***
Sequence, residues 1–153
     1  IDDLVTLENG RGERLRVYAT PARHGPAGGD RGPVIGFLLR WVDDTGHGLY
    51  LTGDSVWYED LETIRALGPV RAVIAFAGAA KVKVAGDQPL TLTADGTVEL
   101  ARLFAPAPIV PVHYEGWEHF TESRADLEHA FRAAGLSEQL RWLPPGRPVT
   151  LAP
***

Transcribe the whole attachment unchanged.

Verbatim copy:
Sequence, residues 1–153
     1  IDDLVTLENG RGERLRVYAT PARHGPAGGD RGPVIGFLLR WVDDTGHGLY
    51  LTGDSVWYED LETIRALGPV RAVIAFAGAA KVKVAGDQPL TLTADGTVEL
   101  ARLFAPAPIV PVHYEGWEHF TESRADLEHA FRAAGLSEQL RWLPPGRPVT
   151  LAP